HomeAsk Deke: How can my Camp A Cappella group become a full-time (but long-distance) group?

DekeSharon's picture

Q: Hi Deke!

My small group from Camp A Cappella is looking to become an intact group called 'No Limits'. We love singing, working and performing together and we really don't want the music to stop even if camp ended. One of the obstacles of this however is that we live all around the US with no practical way to meet on anything near a regular basis. We were wondering if you might be able to give us some advice or guidence on what we can do overcome this obstacle, and what could be a good starting point for us.


Sam B

A: Hi Sam,

So glad you enjoyed camp, and that you guys are going to keep singing together! Luckily you live in the first era in human history in which this is possible. Twenty years ago this was unthinkable, and now it’s actually somewhat commonplace with groups spread across the US (Take 6, Rockapella, Musae) or even around the world (Accent).

Here are a few things you’ll need:

1) Patience. With yourself and each other. Communication takes longer when you’re not in the same room, and misunderstandings can arise. Keep channels open, discuss things, and if ever there’s a problem, jump on the phone, or…

2) Skype (or Facetime, etc). Although you can (and should) learn your parts on your own, you will need to spend time having group meetings and rehearsals remotely, which means a fast face-to-face program and good bandwidth (DSL, ideally) so you can have conference calls, and when the lag isn’t bad, rehearsal together. However, this won’t be high enough quality for you to share with the world. For that, you’ll need...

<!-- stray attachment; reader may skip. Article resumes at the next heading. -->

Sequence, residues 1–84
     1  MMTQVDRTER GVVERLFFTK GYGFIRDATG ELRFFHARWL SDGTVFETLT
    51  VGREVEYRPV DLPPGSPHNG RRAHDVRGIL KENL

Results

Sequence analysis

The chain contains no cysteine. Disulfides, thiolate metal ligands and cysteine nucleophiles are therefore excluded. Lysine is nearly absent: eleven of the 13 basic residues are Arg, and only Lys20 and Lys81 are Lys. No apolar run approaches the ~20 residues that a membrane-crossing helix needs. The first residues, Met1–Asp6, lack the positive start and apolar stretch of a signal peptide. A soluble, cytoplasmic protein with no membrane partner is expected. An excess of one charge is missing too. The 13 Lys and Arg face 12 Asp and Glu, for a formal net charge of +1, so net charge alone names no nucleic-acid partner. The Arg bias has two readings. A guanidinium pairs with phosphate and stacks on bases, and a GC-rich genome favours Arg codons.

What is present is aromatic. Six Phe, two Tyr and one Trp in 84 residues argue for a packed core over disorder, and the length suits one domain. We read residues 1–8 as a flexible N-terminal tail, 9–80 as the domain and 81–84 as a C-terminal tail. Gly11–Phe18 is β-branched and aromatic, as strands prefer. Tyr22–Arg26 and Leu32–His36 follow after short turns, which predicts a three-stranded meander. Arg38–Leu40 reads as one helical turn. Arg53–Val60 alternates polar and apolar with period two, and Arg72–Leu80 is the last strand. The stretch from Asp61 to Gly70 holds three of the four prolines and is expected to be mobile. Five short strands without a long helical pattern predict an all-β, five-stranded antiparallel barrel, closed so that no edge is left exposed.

3) Recording ability. This means the hardware (microphone, preamp, camera, tripod) and the software (protools, final cut) to record audio and video. Your group will need to generate a fan base and interest from promoters, and a steady stream of video with online audio is the way to do this. Many videos can be made while you’re apart, but occasionally you’re gonna have to be…

4) Together. This won’t cost justify initially, but it has to be done. Plan long-weekend retreats initially, and then once you start getting gigs plan to come early and stay late to polish your music, work out choreo, shoot some video of you all together, and generally enjoy each other’s presence.

It isn’t easy to do this, but you have laid the groundwork at camp so you have a couple songs and a good camaraderie to build upon, so...